and one reaction in particular was pretty interesting. We have only a couple of Austrian professors in Brasil, and one of them wasn’t acquainted with Hoppe’s work. (He is what we used to call “old school Austrian,” whose ideas were shaped in the era before the modern Mises Institute website, and mainly influenced by Hayek.) In a matter of seconds after Hoppe’s speech, he was in our bookstore buying all Hoppe’s books that we had for sale, requesting autographs from Dr. Hoppe, repeating how marvelous Hoppe was, and declaring to everyone his instantaneous conversion to “Hoppeanism”.

I am reminded here of what Lew Rockwell wrote of Hoppe in his festschrift:

This same Hoppean effect—that sense of having been profoundly enlightened by a completely new way of understanding something—has happened many times over the years. He has made contributions to ethics, to international political economy, to the theory of the origin of the state, to comparative systems, to culture and its economic relation, to anthropology and the theory and practice of war. Even on a subject that everyone thinks about but no one really seems to understand—the system of democracy—he clarified matters in a way that helps you see the functioning of the world in a completely new light.There aren’t that many thinkers who have this kind of effect. Mises was one. Rothbard is another. Hoppe certainly fits in that line. He is the kind of thinker who reminds you that ideas are real things that shape how we understand the world around us. … Often times when you first hear a point he makes, you resist it. I recall when he spoke at a conference we held on American history, and gave a paper on the U.S. Constitution. You might not think that a German economist could add anything to our knowledge on this topic. He argued that it represented a vast increase in government power and that this was its true purpose. It created a powerful central government, with the cover of liberty as an excuse. He used it as a case in point, and went further to argue that all constitutions are of the same type. In the name of limiting government—which they purportedly do—they invariably appear in times of history when the elites are regrouping to emerge from what they consider to be near anarchy. The Constitution, then, represents the assertion of power.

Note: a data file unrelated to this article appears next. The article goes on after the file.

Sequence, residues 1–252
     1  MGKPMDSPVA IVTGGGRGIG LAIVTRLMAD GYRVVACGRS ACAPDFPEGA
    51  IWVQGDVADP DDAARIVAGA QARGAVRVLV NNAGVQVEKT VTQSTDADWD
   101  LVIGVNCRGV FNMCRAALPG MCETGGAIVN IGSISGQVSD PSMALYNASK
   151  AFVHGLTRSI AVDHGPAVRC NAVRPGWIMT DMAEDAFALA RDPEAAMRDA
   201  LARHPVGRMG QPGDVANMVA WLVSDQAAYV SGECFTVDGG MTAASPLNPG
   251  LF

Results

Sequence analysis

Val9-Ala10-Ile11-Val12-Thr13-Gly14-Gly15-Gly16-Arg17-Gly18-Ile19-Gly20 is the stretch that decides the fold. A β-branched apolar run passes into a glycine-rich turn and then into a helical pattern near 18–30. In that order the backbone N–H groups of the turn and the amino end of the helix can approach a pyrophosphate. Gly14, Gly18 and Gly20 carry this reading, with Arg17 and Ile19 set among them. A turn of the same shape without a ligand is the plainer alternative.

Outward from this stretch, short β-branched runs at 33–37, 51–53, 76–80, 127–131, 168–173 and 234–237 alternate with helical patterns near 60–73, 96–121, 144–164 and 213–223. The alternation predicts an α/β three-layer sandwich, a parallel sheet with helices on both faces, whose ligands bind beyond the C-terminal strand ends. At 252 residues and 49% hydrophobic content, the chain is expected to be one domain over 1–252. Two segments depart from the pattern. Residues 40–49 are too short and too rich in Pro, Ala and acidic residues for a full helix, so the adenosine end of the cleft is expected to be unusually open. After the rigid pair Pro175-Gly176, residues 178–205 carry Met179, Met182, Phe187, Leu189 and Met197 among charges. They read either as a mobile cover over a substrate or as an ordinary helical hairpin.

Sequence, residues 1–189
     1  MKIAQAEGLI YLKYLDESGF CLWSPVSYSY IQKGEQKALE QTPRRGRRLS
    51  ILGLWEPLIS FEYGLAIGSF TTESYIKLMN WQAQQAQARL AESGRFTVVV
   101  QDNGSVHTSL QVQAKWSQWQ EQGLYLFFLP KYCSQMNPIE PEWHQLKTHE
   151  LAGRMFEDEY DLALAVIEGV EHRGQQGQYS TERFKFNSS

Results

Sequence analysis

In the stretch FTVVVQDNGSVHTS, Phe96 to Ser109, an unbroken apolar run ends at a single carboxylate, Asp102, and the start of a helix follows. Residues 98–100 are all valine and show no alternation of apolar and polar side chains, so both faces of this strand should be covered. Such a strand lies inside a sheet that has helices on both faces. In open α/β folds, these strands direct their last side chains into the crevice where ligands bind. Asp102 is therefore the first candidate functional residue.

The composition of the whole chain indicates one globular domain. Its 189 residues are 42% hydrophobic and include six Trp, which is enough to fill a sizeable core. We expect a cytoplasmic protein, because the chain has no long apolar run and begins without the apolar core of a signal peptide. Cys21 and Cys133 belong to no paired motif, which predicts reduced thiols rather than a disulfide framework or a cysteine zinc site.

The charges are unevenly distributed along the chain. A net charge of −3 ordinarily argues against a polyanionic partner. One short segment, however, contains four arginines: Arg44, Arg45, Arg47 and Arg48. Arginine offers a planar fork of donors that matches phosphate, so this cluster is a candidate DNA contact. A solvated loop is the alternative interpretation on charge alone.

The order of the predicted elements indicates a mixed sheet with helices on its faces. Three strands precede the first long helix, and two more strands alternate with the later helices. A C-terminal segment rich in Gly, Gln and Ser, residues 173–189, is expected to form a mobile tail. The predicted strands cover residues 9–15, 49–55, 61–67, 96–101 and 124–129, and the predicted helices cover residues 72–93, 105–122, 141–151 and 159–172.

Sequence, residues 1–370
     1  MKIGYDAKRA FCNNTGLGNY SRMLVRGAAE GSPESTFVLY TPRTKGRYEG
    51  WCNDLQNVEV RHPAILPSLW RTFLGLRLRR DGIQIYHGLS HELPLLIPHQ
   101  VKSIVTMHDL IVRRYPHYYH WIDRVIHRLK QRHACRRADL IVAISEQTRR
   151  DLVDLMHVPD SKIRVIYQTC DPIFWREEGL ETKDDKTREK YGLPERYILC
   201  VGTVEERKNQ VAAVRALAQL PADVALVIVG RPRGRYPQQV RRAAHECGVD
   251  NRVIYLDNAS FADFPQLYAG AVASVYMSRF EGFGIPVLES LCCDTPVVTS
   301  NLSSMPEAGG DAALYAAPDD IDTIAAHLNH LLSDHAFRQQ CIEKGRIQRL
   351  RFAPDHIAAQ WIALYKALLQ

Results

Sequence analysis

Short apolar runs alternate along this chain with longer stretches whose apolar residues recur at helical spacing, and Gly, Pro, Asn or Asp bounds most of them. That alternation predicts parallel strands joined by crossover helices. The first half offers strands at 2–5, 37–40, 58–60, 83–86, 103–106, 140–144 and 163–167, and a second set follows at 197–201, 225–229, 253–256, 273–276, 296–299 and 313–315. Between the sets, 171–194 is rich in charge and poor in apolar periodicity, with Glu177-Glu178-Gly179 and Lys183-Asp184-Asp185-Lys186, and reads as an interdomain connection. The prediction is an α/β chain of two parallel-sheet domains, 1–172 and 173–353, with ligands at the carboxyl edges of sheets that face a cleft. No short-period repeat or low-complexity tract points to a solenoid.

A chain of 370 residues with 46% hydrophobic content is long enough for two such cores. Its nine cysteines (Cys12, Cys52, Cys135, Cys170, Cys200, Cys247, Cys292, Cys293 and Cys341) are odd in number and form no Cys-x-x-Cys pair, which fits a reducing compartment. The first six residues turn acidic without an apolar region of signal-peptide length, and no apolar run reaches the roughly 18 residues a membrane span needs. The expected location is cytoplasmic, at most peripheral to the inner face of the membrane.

When he finished, you could hear a pin drop. I’m not sure that anyone was instantly persuaded. He had challenged everything we thought we knew about ourselves. The applause was polite, but not enthusiastic. Yet his points stuck. Over time, I think all of us there travelled some intellectual distance. The Constitution was preceded by the Articles of Confederation, which Rothbard had variously described as near anarchist in effect. Who were these guys who cobbled together this Constitution? They were the leftovers from the war: military leaders, financiers, and other mucky mucks—a very different crew from the people who signed the Declaration of Independence. Jefferson was out of the country when the Constitution was passed. And what was the effect of the Constitution? To restrain government? No. It was precisely the opposite, just as Hoppe said. It created a new and more powerful government that not only failed to restrain itself (what government has ever done that?), but grew and grew into the monstrosity we have today. It required a wholesale rethinking of the history, but what Hoppe had said that shocked everyone turns out to be precisely right—and this is only one example among many.

[Youtube videos of the talk may be found here.]


Mises Brasil has published Uma vida de ideias – Hans-Hermann Hoppe no Brasil, a Portuguese translation of Lew Rockwell’s “A Life of Ideas,” the opening chapter in Property, Freedom, and Society: Essays in Honor of Hans-Hermann Hoppe.

Pictures from Hoppe’s participation in the Austrian economics seminar at Mises Institute Brasil are below.

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The following is a Spanish translation of the original version of the Philosophie Magazine Interview on Taxation (2011):


Entrevista sobre impuestos a Hans-Hermann Hoppe

por Hans-Hermann Hoppe

10 de marzo de 2011